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Inventory planning and Brexit

Brexit provides an opportunity for businesses to consider the information they hold on their supply chains/inventory as well as their approach to continuity planning. Read our guide to assist you in balancing the costs of these exercises with the potential benefits.

What the guide covers

Why could Brexit impact inventory?

Inventory planning and Brexit

The full guide will also cover the potential impact on the UK/EU after Brexit, and what you can do now to ensure your business can deal with potential supply-chain disruption.

Download the complete guide

Brexit provides an opportunity for businesses to consider the information they hold on their supply chains/inventory as well as their approach to continuity planning. This updated guide aims to assist you in balancing the costs of these exercises with the potential benefits. The guidance shown below must be weighed up alongside existing COVID-19 concerns. As negotiations and developments continue apace, members should refer back to the Brexit Hub for updated guidance.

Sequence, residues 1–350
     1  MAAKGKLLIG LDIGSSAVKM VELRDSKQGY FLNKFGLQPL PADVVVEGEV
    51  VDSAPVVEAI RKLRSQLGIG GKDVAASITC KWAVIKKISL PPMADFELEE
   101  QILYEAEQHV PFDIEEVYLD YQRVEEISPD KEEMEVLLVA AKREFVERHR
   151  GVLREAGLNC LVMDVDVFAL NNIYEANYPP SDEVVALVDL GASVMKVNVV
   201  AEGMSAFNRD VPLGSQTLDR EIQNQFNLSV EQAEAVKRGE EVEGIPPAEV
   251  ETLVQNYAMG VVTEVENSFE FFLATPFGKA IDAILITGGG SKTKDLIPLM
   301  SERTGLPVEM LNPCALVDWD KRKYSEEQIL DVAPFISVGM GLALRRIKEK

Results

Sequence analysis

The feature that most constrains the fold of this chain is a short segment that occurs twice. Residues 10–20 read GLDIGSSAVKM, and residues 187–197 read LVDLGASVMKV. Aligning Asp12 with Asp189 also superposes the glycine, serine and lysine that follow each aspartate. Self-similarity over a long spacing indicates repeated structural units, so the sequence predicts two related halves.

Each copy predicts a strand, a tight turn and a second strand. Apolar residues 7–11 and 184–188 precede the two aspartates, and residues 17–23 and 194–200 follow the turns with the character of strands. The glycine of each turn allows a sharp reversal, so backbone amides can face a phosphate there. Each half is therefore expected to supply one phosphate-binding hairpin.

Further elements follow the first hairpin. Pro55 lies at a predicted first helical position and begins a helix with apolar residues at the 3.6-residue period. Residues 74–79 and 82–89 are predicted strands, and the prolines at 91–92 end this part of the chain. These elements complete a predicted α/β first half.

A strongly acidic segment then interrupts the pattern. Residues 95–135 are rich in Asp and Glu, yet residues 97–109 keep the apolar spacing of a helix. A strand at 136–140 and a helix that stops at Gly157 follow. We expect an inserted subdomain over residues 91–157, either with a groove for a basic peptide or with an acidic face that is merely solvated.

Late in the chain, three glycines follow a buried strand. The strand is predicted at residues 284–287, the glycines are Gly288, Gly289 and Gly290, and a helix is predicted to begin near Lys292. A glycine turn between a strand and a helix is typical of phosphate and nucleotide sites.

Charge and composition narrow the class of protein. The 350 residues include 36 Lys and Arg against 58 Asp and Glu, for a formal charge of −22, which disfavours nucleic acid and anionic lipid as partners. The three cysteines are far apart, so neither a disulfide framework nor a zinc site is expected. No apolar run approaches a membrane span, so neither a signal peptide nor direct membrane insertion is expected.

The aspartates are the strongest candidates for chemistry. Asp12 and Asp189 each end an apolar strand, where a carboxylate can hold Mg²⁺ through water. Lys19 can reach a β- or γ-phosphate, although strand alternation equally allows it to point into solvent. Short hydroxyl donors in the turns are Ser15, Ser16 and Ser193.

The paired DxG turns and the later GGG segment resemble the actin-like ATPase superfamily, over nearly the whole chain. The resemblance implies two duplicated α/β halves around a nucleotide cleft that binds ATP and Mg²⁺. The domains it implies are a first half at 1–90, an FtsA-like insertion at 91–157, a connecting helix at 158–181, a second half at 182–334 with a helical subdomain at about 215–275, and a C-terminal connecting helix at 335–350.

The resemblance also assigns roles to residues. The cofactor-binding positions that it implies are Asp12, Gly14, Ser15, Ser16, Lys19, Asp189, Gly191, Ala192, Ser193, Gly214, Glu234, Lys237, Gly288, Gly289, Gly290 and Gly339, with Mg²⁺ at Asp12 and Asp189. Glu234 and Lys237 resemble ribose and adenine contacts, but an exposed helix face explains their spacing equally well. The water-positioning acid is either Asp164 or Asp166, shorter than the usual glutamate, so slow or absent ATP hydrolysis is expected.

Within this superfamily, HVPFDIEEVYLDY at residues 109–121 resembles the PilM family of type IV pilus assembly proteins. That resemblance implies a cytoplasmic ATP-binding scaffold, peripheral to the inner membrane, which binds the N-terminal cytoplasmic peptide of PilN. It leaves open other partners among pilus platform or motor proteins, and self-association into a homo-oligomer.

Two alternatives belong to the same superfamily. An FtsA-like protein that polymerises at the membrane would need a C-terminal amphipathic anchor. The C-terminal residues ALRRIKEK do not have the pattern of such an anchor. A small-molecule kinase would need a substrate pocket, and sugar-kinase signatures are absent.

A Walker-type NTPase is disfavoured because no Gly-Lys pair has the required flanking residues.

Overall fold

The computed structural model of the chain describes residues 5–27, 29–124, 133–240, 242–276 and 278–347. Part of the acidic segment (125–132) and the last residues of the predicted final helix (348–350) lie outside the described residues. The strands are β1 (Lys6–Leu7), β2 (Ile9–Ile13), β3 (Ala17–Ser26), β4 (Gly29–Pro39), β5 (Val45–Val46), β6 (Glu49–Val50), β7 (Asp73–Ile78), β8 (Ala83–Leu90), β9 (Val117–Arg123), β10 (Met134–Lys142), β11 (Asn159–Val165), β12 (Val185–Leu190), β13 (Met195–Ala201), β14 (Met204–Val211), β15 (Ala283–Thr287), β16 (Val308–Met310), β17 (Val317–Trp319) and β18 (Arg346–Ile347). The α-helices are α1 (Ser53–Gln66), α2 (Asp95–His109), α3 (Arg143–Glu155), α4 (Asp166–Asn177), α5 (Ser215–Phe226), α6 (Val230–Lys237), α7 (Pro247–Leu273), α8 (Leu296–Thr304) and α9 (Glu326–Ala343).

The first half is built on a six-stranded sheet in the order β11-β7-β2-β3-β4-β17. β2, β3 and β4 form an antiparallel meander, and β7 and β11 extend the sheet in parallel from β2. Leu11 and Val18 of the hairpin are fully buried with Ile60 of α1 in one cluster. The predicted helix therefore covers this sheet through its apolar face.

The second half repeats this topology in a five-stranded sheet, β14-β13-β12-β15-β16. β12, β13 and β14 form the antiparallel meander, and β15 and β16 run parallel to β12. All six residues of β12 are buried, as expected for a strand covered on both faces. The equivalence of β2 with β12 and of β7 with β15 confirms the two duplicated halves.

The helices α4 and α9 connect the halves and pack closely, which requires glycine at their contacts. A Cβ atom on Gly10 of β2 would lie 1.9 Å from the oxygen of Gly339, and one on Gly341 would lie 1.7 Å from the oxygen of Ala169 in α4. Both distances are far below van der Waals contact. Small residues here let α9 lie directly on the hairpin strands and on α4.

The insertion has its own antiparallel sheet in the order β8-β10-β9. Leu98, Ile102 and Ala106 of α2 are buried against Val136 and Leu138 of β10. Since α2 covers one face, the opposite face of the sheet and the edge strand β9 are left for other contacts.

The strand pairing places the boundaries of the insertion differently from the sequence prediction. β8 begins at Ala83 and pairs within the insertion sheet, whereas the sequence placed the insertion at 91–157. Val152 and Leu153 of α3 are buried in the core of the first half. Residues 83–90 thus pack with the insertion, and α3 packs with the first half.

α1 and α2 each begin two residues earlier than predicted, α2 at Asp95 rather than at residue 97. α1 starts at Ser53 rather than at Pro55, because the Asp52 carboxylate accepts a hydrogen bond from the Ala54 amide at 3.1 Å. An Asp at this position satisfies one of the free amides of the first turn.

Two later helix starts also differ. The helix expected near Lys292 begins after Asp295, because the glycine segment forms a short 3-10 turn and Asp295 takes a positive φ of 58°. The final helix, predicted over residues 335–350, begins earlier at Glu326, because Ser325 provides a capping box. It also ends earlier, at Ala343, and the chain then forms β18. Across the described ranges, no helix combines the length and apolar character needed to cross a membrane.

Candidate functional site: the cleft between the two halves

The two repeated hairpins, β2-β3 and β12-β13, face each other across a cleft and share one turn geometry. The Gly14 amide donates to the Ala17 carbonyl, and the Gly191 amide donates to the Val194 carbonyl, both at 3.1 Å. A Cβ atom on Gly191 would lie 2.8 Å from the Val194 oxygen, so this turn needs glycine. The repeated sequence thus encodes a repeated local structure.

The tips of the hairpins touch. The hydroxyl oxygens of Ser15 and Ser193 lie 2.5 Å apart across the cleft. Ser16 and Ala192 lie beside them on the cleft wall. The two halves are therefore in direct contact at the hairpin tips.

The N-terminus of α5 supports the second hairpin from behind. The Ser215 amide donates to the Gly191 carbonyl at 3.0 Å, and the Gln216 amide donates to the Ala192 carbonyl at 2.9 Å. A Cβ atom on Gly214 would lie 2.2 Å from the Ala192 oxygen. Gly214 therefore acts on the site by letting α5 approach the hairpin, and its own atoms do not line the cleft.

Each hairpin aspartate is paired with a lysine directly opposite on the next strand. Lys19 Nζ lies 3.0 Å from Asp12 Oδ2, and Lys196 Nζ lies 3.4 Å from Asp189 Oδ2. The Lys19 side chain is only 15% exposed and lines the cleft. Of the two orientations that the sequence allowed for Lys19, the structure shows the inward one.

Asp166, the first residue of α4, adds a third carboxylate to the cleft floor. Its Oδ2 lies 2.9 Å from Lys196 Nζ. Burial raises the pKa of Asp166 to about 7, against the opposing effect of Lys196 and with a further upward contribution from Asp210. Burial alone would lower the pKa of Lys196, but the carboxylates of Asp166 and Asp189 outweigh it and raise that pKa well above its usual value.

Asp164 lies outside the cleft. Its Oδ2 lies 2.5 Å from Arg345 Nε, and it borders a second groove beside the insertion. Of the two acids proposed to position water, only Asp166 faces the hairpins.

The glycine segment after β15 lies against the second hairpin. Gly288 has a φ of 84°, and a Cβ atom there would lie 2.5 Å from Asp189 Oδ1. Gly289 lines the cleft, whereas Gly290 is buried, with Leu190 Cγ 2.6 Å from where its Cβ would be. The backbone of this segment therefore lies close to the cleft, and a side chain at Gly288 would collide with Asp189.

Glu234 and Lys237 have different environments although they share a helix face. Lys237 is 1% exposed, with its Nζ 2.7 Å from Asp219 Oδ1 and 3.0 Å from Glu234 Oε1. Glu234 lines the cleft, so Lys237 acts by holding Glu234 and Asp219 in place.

Page last updated

9 October 2020

Why should I consider inventory planning?

There are many potential causes of supply chain disruption. In some sectors, such as harvested plants, disruption can be endemic, elsewhere spikes in customer demand may be more of an issue than interruption to supply, equally some sectors may never have experienced material disruption. Clearly, the effort spent on contingency planning should reflect the risk to the business of disruption; risk is a combination of likelihood and impact. But where there are material risks, the benefits of robust contingency planning are clear. Brexit provides an opportunity to reconsider continuity planning and may offer a rare window of organisational attention to get it done.